State health officials say they are working to cut costs, despite a growing demand for medical assistance in Wisconsin.
With many Wisconsinites still out of work, families are turning to government-assisted programs for medical coverage. Department of Health Services Secretary Karen Timberlake says thousands have signed up, and over 13,000 remain on waiting lists.
The demand comes at a time that state Medical Assistance programs are facing a $150 million shortfall and have also been asked to cut $633 million from the budget of DHS.
Timberlake appeared before the Legislature’s budget committee on Thursday to detail how the agency is trying to address the problem. She says the current plan is to focus on increasing efficiencies within MA programs, such as better controls on how payments are made and providing generic drug equivalents to patients.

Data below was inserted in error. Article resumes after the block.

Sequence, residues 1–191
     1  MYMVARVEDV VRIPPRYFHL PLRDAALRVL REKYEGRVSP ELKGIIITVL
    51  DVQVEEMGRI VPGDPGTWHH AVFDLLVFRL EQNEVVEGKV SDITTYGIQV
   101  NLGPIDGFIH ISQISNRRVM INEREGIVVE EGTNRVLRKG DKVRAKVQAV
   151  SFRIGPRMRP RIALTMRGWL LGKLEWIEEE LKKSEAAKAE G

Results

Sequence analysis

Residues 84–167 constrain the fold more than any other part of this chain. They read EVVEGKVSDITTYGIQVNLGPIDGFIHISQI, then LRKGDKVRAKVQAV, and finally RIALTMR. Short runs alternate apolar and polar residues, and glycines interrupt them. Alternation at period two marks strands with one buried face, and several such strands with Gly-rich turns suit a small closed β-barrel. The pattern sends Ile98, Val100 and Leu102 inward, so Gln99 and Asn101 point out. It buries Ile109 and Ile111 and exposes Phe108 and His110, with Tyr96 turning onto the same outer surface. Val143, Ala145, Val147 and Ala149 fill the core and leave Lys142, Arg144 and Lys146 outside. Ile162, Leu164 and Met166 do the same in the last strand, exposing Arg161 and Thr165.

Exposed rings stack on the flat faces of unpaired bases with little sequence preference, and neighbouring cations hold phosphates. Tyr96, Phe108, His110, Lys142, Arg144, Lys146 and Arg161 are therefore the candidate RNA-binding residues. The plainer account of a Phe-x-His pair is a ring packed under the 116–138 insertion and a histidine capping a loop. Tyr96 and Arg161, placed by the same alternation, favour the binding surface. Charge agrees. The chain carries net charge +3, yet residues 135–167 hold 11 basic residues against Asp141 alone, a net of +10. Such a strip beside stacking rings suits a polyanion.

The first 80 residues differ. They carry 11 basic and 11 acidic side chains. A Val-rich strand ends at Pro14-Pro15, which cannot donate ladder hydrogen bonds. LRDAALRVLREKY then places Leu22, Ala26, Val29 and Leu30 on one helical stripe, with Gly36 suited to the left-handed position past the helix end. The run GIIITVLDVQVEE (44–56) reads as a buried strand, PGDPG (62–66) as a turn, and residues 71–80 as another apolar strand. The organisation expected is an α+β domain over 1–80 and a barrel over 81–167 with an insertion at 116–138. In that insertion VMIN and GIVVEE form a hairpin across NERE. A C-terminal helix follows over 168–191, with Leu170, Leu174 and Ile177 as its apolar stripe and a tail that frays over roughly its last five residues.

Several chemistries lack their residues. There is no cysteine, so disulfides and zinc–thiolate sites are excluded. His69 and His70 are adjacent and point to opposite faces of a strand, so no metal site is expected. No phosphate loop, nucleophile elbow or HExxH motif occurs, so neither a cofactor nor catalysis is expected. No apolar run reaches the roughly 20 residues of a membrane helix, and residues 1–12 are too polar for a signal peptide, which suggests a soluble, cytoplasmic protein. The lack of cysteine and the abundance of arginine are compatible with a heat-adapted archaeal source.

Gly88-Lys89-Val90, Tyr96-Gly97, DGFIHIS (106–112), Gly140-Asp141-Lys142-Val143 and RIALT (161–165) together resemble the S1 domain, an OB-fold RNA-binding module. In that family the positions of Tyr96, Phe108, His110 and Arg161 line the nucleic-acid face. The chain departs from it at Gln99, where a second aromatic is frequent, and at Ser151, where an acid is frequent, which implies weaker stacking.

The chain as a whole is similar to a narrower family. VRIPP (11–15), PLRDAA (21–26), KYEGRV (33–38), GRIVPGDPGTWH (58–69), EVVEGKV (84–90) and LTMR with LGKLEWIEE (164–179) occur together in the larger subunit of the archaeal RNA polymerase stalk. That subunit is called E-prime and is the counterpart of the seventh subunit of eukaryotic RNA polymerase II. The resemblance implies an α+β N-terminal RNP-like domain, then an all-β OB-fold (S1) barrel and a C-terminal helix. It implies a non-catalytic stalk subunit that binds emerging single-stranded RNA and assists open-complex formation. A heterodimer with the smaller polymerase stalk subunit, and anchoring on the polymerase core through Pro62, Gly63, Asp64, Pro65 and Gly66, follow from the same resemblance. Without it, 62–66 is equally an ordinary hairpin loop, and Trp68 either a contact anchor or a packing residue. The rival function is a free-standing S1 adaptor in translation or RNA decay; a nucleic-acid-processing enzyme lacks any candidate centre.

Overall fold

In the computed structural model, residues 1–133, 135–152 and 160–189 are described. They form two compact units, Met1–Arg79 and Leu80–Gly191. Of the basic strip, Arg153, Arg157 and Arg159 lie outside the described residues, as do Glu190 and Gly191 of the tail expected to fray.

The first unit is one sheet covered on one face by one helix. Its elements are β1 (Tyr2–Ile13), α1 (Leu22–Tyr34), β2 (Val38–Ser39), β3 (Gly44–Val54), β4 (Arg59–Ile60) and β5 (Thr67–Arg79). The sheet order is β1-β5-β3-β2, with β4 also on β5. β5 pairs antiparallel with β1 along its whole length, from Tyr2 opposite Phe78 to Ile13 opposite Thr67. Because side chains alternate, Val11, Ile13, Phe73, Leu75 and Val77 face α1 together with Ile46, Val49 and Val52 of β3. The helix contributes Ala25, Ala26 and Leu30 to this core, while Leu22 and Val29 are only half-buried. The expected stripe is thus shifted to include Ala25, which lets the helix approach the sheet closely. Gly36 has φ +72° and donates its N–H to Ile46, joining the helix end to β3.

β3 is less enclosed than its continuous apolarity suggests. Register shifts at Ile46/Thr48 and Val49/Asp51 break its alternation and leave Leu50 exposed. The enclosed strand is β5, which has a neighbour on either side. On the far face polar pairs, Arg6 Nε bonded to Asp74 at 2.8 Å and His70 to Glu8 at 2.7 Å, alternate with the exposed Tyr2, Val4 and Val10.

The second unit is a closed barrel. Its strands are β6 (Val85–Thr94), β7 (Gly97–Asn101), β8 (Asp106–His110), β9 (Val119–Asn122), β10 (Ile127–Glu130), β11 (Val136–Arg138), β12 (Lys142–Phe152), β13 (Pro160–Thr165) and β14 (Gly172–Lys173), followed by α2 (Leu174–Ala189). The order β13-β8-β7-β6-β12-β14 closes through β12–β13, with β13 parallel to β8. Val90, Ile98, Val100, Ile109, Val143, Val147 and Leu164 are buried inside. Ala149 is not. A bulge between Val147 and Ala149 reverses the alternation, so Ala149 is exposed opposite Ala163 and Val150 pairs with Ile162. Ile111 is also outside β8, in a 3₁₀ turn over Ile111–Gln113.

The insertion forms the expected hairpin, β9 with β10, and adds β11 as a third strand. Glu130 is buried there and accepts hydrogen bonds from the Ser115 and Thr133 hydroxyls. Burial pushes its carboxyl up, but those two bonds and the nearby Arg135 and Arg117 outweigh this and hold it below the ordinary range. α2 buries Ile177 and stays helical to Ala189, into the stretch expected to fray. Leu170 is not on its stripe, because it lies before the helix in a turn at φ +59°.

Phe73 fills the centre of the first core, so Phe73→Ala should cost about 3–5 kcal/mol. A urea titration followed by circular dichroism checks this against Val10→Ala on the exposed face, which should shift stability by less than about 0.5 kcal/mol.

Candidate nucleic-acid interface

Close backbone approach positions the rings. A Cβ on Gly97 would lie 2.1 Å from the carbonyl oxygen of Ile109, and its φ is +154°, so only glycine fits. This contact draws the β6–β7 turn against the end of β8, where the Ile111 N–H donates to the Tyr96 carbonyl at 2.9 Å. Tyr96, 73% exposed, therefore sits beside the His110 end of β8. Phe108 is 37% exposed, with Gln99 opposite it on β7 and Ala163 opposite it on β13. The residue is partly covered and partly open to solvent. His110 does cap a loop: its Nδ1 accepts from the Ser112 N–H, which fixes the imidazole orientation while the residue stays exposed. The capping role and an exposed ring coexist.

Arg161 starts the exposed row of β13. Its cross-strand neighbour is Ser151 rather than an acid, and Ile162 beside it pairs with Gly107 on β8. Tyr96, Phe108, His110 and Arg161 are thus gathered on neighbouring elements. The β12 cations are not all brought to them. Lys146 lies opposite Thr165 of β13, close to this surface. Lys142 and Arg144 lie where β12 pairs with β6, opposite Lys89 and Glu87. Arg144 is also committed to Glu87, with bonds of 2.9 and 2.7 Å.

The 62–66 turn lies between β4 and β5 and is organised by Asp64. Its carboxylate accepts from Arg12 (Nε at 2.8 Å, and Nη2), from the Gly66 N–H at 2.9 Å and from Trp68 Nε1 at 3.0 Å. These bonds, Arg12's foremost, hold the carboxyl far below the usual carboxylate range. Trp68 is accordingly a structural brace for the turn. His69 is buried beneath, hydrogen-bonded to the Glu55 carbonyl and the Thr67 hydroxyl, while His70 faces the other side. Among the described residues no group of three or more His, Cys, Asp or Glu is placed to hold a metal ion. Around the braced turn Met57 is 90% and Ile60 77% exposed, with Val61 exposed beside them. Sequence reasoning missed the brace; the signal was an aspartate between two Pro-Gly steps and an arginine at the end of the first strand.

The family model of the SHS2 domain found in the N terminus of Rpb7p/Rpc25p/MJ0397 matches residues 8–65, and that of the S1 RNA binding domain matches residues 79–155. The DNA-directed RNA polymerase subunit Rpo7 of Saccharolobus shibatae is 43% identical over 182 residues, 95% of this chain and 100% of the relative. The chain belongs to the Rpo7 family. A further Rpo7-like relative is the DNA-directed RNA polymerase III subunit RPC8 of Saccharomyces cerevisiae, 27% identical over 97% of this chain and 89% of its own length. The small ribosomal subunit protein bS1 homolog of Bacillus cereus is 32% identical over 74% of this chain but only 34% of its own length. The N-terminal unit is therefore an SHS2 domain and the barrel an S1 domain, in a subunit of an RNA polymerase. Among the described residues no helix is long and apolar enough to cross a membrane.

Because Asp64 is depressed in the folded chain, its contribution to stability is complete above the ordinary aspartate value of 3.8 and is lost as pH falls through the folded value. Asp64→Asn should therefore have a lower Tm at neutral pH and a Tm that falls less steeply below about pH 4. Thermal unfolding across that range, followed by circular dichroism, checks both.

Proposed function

However, Republican state Senator Alberta Darling (R-River Hills) expressed concerns that taxpayers could end up shouldering the burden of the shortfall. She says DHS is pushing off some expenses to the next budget cycle or adding to the costs of providers.
Timberlake says they are working on other strategies. She says pending federal legislation could also help to close the gap, but officials want to be prepared just in case current efforts in Congress fall through.
AUDIO: Andrew Beckett reports (1:14)